Daimler is recalling 840,000 cars and vans to replace Takata airbags that may be defective.
The recall affects about 705,000 Mercedes-Benz cars and around 136,000 Daimler vans in the United States, the German automaker said Wednesday.
[RELATED: Takata recall update]
Meanwhile, Volkswagen said Wednesday that it was recalling 680,000 cars of its namesake brand in the United States because Takata-made airbags in them could be defective. The recall affects models built between 2006 and 2014, a spokesman said.
They are the latest is a series of recalls prompted by concerns about Takata's airbags.
Millions of cars have been recalled due to the risk of violent airbag explosions. But they were mostly older vehicles -- typically model years no later than 2008. U.S. regulators said last week that newer car models were also at risk.
Daimler said the recall was "precautionary" and would cost the company 340 million euros ($382 million). It said its 2015 net profit, reported last week, will be cut to 8.7 billion euros ($9.8 billion) as a result of the charge.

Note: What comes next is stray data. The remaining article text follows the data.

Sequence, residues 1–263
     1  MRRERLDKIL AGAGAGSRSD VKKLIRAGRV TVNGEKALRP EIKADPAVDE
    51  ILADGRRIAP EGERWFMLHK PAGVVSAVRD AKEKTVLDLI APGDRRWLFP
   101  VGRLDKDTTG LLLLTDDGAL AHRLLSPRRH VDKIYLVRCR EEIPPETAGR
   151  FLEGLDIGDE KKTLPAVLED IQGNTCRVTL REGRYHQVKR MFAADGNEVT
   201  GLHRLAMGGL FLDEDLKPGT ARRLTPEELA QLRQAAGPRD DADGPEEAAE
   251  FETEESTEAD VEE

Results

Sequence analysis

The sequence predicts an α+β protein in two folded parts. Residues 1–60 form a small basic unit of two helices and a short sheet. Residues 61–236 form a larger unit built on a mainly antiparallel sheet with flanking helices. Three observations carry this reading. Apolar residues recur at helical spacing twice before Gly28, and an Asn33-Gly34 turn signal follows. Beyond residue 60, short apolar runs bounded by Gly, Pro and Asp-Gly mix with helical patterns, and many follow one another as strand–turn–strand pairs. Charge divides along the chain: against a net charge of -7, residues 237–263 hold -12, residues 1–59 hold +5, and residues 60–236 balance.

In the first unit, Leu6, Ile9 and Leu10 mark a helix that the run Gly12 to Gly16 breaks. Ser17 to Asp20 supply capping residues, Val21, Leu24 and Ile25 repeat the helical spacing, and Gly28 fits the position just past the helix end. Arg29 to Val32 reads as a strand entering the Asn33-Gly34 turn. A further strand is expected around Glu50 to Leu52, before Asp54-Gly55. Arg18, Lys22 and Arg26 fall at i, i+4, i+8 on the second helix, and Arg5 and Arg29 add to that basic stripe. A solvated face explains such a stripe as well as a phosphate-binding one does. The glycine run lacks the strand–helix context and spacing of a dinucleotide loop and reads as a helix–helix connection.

The Takata recall is one of the largest ever and affects some of the world's most recognizable automakers, including Honda, Ford, Nissan, and Toyota.
The Japanese auto parts manufacturer has been struggling for years to recover after its inflators were discovered to be defective. The airbags can explode when activated, firing out shards of metal that have caused death and injury at the wheel.
At least 10 deaths worldwide, nine of them in the U.S., have been tied to the exploding airbags, as well as numerous serious injuries.